Incident Control


Trying to get my daughter to sleep, I drive Mom’s minivan up to Claraboya. At the entrance on Mountain Avenue a painted block wall with metal letters in script proclaims the name of the neighborhood—and a sign tells us to “SMILE—This neighborhood patrolled by video camera.” We turn right just past the sign and cruise past Seven Fifty-Two Valparaiso, my grandparents’ house where my Aunt Jenny grew up, the house where she never returned. It’s for sale. A low white fa├žade with spiral columns faces the street. Beveled windows leaded with a floral pattern have been installed on the street side of the house, the side away from the view. Their effect is to obscure what’s inside.
            At the end of the cul-de-sac, we turn around and head up the hill on Mountain again. I’m trying to find a road that will take us up and out, but each one I turn down ends in an asphalt bulbout. The top of Mountain dead-ends at a trail head that leads into dry scrub on this hot October day. NO PARKING ANY TIME warns off anyone who might want to stop and take a hike. More signs telling us (with irony, I think) to SMILE! pepper the neighborhood. Rosie is still wide awake, singing along to an old, muffled tape of James Taylor that I found in a side pocket of the van. We head back down the hill, the only way out; this is a neighborhood of stub ends.
            I wonder if my parents will get a call from the Claremont P.D., wondering why their minivan was taped feeling out every cul-de-sac in Claraboya. And finally I comply with the imperative to SMILE!
* * *
Two weeks later, on Tuesday, October 21, 2003, off Foxborough Drive in a scruffy L.A. suburb called Fontana, fire started at the wildland/urban interface and spread through foothills that hadn’t burned in twenty years. The fire started shedding ash and smoke and it looked like the AYSO soccer games would have to be cancelled in Claremont that Saturday. Firefighters called this fire Grand Prix.
On Wednesday, October 22, 2003, the L.A. police reported that Elliott Smith, a beautifully gifted songwriter who had been briefly given the nod by Hollywood and held Celine Dion’s hand at the Oscars, had put a knife in his own chest at home in Silver Lake the day before. Another mystery, another heartbreak, another one who couldn’t do it anymore, I thought.
The two events are linked in my mind because I found out about them on the same day—Friday, October 24—and because of what happened that weekend.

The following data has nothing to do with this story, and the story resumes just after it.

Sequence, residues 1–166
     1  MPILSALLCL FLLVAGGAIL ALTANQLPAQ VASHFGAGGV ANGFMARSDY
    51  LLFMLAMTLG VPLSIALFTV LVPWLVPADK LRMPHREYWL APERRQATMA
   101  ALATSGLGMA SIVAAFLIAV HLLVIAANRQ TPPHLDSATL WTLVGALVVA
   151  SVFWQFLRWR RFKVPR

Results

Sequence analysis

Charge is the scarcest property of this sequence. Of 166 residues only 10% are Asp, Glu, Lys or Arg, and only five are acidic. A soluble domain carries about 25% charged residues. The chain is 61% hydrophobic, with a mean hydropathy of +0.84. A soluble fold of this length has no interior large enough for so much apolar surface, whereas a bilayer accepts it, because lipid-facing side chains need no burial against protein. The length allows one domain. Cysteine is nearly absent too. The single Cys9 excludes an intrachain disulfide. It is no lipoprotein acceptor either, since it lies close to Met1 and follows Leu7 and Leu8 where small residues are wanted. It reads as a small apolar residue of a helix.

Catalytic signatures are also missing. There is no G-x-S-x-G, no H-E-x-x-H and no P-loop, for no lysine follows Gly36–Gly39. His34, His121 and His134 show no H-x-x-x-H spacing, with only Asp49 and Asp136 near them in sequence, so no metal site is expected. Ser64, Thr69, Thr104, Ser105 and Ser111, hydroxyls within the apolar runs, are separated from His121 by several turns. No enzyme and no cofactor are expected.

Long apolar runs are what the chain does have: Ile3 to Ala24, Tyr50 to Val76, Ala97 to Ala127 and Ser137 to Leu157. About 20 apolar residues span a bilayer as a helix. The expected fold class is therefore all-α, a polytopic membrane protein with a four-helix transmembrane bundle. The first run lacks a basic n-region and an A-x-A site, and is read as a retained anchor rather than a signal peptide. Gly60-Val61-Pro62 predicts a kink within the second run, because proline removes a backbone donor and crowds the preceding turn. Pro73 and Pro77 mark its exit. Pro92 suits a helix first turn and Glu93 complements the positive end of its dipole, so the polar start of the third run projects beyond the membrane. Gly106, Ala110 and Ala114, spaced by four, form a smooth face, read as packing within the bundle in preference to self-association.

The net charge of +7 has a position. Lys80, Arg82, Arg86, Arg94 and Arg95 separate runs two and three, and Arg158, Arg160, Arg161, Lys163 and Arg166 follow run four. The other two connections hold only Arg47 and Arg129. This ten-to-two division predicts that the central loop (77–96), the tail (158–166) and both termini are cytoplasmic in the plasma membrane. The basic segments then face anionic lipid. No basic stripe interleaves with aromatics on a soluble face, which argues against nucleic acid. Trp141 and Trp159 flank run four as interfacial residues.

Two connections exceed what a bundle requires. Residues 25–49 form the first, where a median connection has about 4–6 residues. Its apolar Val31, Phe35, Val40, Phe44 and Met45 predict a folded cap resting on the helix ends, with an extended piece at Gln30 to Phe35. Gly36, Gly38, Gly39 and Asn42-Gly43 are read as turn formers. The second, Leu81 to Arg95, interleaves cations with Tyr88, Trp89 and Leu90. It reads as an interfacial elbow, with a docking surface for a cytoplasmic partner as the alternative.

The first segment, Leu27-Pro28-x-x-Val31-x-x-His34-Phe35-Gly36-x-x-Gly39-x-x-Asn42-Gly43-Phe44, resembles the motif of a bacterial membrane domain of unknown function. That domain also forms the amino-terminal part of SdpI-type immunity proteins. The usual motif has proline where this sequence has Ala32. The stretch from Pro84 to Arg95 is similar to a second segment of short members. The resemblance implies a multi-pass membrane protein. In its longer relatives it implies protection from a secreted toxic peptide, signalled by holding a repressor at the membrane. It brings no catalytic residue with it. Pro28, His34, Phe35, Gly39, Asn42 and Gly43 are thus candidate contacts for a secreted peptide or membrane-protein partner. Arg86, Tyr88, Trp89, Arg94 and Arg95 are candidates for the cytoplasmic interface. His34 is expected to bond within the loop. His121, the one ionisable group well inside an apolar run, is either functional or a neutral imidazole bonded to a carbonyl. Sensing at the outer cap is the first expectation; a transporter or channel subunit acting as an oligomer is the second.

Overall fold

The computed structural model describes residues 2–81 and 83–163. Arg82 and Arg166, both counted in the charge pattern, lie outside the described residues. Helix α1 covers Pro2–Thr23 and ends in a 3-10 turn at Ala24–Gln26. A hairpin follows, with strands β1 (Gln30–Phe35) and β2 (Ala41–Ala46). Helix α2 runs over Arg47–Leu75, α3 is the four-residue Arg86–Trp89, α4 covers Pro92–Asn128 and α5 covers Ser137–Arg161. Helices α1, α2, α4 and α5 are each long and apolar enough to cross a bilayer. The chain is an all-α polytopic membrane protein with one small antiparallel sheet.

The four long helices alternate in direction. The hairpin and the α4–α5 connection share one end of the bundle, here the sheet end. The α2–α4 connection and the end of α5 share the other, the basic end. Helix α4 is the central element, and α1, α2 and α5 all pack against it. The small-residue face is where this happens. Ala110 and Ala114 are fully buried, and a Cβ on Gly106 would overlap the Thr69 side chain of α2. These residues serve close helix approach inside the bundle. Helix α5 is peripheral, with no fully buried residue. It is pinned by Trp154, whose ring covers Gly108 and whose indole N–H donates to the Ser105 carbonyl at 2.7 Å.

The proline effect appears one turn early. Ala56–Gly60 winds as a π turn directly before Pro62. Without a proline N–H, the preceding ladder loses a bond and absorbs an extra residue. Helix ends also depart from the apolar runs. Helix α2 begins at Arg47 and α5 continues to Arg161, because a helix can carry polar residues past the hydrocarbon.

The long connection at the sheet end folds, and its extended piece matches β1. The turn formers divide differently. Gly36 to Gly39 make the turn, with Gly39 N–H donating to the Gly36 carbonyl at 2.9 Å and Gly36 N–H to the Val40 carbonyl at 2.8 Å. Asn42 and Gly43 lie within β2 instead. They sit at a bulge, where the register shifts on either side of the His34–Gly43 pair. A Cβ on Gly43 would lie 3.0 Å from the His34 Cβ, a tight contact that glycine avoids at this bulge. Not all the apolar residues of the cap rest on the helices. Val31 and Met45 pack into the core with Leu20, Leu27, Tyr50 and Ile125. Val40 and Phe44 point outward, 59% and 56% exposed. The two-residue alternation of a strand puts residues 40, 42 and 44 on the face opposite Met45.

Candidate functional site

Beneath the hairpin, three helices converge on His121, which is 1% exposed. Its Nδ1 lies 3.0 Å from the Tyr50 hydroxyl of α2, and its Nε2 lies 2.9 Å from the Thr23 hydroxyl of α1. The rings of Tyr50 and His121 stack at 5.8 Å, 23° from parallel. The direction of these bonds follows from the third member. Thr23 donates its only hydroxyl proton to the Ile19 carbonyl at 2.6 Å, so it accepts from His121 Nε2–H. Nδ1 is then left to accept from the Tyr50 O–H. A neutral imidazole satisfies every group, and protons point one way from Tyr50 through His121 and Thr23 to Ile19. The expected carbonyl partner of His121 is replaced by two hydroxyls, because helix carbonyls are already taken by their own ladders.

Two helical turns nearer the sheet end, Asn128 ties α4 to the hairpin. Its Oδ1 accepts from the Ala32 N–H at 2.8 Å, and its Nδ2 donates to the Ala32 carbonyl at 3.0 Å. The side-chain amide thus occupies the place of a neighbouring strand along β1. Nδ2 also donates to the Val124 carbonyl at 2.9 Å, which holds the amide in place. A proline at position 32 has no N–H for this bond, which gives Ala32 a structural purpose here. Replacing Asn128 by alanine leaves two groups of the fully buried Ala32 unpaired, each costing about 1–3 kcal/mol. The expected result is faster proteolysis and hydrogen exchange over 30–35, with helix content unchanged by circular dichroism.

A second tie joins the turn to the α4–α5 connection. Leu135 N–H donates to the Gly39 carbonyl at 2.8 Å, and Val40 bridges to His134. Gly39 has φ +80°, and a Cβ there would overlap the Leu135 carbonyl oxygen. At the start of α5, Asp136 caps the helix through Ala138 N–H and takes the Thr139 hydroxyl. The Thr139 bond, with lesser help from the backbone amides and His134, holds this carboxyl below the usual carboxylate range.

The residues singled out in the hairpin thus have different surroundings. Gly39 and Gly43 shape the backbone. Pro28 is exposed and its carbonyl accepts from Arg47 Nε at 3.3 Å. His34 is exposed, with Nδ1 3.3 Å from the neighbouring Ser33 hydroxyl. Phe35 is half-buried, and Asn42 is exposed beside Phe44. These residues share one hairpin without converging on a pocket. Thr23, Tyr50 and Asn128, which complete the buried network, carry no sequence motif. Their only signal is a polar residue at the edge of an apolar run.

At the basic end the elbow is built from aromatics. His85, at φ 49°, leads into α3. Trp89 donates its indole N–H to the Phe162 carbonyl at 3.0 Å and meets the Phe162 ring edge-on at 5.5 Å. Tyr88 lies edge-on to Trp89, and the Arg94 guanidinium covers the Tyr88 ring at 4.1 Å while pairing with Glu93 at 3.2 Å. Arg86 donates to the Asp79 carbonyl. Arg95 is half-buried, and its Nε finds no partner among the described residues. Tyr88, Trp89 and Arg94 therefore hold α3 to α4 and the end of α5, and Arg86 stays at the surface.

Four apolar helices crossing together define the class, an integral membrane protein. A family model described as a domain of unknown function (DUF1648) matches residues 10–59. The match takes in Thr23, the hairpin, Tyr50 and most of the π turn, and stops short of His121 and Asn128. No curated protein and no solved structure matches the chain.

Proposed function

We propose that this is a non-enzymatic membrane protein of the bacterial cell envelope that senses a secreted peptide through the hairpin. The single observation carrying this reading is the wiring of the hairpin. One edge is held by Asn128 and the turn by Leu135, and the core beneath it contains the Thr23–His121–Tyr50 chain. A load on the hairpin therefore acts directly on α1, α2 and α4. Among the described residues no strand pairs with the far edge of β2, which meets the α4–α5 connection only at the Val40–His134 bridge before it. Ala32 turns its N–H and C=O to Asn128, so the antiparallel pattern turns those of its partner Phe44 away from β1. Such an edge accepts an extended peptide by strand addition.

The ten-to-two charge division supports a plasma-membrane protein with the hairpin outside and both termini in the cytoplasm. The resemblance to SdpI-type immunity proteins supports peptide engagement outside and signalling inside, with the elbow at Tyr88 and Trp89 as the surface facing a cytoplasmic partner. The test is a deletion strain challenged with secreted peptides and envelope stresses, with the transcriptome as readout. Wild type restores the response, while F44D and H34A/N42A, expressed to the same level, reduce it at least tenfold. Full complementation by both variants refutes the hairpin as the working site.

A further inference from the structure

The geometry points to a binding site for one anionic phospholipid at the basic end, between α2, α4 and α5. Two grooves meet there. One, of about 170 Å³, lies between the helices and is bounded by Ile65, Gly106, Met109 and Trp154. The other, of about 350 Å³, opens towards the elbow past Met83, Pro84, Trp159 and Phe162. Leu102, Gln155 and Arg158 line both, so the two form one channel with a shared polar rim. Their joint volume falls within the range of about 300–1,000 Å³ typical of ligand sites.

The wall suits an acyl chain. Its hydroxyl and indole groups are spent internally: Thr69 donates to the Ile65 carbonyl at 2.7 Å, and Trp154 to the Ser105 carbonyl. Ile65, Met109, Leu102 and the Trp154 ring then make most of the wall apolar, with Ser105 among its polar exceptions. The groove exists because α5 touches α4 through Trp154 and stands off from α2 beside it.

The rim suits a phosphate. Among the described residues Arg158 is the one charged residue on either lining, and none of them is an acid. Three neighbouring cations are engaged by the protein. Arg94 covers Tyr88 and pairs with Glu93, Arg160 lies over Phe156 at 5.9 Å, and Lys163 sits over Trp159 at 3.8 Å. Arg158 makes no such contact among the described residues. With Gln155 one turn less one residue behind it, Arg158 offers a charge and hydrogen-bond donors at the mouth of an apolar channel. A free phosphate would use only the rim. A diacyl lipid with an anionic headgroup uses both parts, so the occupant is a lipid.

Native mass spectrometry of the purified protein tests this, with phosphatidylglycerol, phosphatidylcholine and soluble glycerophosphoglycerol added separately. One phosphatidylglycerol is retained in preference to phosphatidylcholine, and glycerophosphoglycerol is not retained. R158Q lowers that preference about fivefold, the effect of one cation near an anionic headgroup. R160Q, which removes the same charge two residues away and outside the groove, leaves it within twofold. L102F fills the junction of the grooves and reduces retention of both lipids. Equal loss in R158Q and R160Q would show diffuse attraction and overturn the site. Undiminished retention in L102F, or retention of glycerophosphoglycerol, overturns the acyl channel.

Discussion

On Saturday, October 25, 2003, the Old Fire started off Old Waterman Canyon Road in San Bernardino. The Playground Fire started near Crestline and joined the Old Fire. The Grand Prix Fire and the Old Fire merged, driven by Santa Ana winds down canyons and through passes, forming a fire front that stretched forty miles east to west. Here is the National Weather Service’s fire weather forecast for that day:
FIRE WEATHER FORECAST FOR EXTREME SOUTHWESTERN CALIFORNIA
NATIONAL WEATHER SERVICE SAN DIEGO CA
230 PM PDT SAT OCT 25 2003

…A RED FLAG WARNING REMAINS IN EFFECT THROUGH MONDAY AFTERNOON FOR VERY LOW HUMIDITIES AND SANTA ANA WINDS THROUGH AND BELOW MOUNTAIN PASSES AND CANYONS OF EXTREME SOUTHWESTERN CALIFORNIA…

THIS RED FLAG WARNING IS FOR STRONG NORTHEAST WINDS THAT WILL GRADUALLY INCREASE TO 25 TO 35 MPH AND GUST TO 50 TO 60 MPH OR HIGHER NEAR PASSES AND CANYONS THROUGH TONIGHT AND SUNDAY MORNING. THE WINDS WILL CONTINUE INTO MONDAY MORNING BEFORE SUBSIDING. IN ADDITION…SUSTAINED RELATIVE HUMIDITIES WILL BE LESS THAN 10 PERCENT IN MANY FOOTHILL AND MOUNTAIN LOCATIONS THROUGH MONDAY.

THE WARNING AREA INCLUDES ALL OF THE MOUNTAINS AND INLAND VALLEYS…AND ORANGE COUNTY.


When my mother went to bed on the evening of Saturday, October 25, it was seventy-five degrees outside and she could see an orange glow on the horizon from the bedroom window. When she woke up at 2:00 AM, it was ninety degrees outside and she could see, when she went out to her front lawn, the flames devouring the hills. Evacuees and the curious loitered in front of the house, on the sidewalk and in their cars, waiting to see where the fire would choose to go. The wind blowing from the north, the foothills, was overpoweringly hot and dry: the wind coming off the firestorm. She saw the fire burning steadily and then she saw it leap to the west in an instant, right at the top of the street. She could hear the fire department loudspeakers a few blocks over: EVACUATE! She woke Tom and they stumbled around wondering what to bring with them until the fire, impatient, had moved on. Sixty-two houses in Claremont burned that night.